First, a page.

The truth be told, many media outlets have had the experience of taking certain opinions from the government on important reports. Having the government provide certain specific instructions on important reports is one device that is woven into the fabric of China’s news management. Overall, China’s reporting is increasingly open, and the general trend is a gradual reduction in the specific instructions from the government, but at the same time, there has been no change in the larger structure of media management.

The Chinese-language editorial was swiftly deleted, but a similar one remains on the English edition’s site:

The reality is that old media regulatory policies cannot go on as they are now. The society is progressing, and the management should evolve. Traditional media is integrating intimately with new media in China, resulting in frequent migration of professionals and different ways for them to pursue their personal interests. All these means the traditional regulation mechanisms no longer fit the new environment

But no matter how the Chinese media is regulated, they will never become the same as their Western counterparts. This should be the basic judgment of Chinese media professionals. China’s political system differs from the West’s, and the media cannot separate itself from a country’s political reality. The only way that fits the development of Chinese media is one that can suit the country’s development path.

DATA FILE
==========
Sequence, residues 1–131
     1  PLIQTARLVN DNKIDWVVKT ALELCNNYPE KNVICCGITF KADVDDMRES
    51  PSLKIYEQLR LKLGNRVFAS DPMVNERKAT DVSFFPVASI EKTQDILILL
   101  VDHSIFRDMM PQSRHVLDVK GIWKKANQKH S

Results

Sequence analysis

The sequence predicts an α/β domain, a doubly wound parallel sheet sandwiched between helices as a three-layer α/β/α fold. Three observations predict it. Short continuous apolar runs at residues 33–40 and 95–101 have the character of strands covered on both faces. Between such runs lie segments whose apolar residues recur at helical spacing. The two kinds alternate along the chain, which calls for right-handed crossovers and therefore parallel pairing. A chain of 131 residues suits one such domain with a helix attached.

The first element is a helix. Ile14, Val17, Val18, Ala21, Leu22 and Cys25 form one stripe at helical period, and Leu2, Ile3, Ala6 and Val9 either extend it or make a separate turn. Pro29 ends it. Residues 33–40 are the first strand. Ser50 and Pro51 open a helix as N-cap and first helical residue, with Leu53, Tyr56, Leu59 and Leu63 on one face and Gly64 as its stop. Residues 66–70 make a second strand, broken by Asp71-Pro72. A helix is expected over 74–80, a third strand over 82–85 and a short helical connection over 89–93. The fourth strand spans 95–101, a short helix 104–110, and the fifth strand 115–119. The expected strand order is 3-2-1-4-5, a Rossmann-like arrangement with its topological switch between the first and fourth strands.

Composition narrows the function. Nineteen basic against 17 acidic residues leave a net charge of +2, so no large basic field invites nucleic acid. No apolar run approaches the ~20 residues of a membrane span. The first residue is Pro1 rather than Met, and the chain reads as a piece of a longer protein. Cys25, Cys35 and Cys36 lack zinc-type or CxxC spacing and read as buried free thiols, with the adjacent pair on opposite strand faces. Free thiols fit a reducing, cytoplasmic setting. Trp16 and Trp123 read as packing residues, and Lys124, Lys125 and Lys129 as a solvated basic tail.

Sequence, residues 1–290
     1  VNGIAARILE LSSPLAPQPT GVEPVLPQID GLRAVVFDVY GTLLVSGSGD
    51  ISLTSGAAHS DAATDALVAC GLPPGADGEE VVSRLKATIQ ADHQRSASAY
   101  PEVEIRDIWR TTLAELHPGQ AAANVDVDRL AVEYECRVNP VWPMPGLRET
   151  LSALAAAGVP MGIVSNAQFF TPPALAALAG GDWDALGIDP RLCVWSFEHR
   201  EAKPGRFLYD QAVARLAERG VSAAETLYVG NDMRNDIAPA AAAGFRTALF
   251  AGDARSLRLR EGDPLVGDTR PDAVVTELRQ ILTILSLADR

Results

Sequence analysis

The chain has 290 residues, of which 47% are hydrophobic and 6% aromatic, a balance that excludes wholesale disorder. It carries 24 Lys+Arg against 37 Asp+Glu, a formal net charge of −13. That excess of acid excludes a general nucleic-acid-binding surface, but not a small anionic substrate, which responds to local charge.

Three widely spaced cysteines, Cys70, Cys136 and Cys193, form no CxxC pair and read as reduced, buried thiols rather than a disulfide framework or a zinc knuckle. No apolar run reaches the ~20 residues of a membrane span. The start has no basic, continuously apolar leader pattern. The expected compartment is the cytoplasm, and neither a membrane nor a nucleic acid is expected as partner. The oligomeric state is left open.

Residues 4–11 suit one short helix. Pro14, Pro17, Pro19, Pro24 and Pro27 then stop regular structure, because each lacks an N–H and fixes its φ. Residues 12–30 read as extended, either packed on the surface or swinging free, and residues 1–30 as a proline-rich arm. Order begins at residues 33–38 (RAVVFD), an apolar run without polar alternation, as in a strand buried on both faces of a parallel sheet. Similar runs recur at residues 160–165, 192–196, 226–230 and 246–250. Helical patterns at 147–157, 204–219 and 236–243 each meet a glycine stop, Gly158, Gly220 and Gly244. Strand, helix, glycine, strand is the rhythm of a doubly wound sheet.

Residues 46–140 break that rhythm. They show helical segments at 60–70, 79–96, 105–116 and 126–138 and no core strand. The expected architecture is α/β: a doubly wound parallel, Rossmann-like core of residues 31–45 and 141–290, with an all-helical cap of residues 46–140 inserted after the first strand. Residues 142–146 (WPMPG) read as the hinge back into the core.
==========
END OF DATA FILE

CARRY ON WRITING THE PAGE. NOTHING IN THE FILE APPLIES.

While the controversy continued to rage, The Economist’s James Miles commented on its Analects blog on the constitutionalist current to which the original New Year greeting was intended to contribute.

The appeals for the party to respect the constitution’s provisions are part of what appears to be a new tactic by Chinese liberals to push for faster political change. On November 16th, a day after the party’s new leadership was installed, Yanhuang Chunqiu and academics from Peking University jointly organised a meeting in Beijing of around 100 intellectuals as well as a sprinkling of retired officials to discuss the constitution and the importance of upholding it […]. At the meeting a draft was circulated of what was called a “Proposal for a Consensus on Reform”. The thrust of its message was that if only the constitution were to be respected, China would become far more democratic. The document was made public on December 25th, with the names of 72 academics and lawyers attached.

The liberals’ decision to appeal to the constitution is likely to gather wide support among intellectuals, many of whom fear that any more overt challenge to the party could provoke a backlash. A petition for radical political reform issued four years ago resulted in police harassment of many of the thousands of people who signed it, as well as the sentencing of its chief author, Liu Xiaobo, to 11 years in prison. This time the authorities will find it harder to crack down. Thanks to the rapid growth of social media, especially microblogs, in the last couple of years, the liberals’ message is likely to spread.